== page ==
• Not true… I have no vested interest in RE in this city. None of my friends that decided to live here after graduation had bought any RE, yet all of them love the city. If you choose to rent, you can live a pretty good life at a reasonable cost here.

      This city/province has a lot to offer, but not everyone enjoys nature and all the activities that come with it. If you prefer museums, a developed music scene and other cultural activities, you will have a pretty miserable life here.

      • I think age and yuppie demographic has a lot to do with it.
        Younger people may think only about nature and activities, but there are many and lot more important things in life for someone with family and responsibilities.

      • When I went camping to Garibaldi Lake last month, there were all kinds of people, very young “party” folks, older mature ladies (early 60’s) and parents with young children (I brought my 7 month old baby up there and I was not alone, to my biggest surprised! Talking about family responsibilities…).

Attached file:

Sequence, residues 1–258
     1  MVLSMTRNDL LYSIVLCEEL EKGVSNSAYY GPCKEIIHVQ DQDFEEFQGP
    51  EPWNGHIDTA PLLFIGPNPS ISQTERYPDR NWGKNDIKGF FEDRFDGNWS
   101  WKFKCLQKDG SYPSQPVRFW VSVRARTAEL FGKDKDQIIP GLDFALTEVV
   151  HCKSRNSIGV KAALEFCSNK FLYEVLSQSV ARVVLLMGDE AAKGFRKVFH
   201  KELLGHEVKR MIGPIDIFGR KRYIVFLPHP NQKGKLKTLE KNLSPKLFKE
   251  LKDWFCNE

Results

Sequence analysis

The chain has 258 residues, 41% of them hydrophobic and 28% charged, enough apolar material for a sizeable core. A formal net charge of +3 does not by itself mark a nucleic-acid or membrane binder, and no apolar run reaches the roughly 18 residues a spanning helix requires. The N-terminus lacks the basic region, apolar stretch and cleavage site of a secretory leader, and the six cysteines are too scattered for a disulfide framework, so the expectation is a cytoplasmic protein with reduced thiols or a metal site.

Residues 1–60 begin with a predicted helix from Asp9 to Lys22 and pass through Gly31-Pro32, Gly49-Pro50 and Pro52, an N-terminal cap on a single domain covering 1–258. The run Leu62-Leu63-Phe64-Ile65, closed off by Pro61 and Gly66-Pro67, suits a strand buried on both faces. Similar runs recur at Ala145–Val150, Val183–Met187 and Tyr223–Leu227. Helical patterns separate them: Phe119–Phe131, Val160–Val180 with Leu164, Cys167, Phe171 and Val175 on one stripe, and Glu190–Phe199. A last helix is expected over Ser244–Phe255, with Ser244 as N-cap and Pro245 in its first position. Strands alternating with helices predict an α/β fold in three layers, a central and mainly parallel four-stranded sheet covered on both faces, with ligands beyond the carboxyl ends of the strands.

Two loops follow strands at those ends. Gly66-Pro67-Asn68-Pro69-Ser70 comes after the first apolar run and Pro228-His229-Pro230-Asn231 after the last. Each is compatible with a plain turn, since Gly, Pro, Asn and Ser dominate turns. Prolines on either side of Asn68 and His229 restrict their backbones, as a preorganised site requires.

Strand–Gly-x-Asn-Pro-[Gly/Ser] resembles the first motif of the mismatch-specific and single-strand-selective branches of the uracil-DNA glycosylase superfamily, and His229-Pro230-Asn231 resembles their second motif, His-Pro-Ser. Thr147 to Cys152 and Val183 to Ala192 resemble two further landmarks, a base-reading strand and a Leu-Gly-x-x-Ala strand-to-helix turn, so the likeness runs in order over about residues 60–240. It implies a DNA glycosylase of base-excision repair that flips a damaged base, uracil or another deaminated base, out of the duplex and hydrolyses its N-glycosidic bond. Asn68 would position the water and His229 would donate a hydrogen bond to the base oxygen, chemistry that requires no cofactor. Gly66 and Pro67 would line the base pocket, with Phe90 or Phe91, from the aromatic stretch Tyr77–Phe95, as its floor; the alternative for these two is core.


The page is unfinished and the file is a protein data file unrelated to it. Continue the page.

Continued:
I agree with you there are a lot more important things in life than outdoor activities. It’s all about putting your priorities in order. I love great food and I have yet to find a good yet affordable restaurant in Vancouver. I’m still amazed at the costs of fruits and vegetables here, and don’t get me started about the price of cheese here. I would also love to have more music festivals in Vancouver during the summer season.

        The same way some people go and spend spring break in Florida or Mexico to get sunny and warm weather, it’s possible to travel from Vancouver to satisfy your cultural (and other) cravings you can’t satisfy in Vancouver… Portland, SF or even NY are not that far away.

        Since you seem to like Portland, here are a couple of bands from the Portland scene that I really like:

        And here is one from the Minneapolis scene (which I discovered through KEXP radio from Seattle):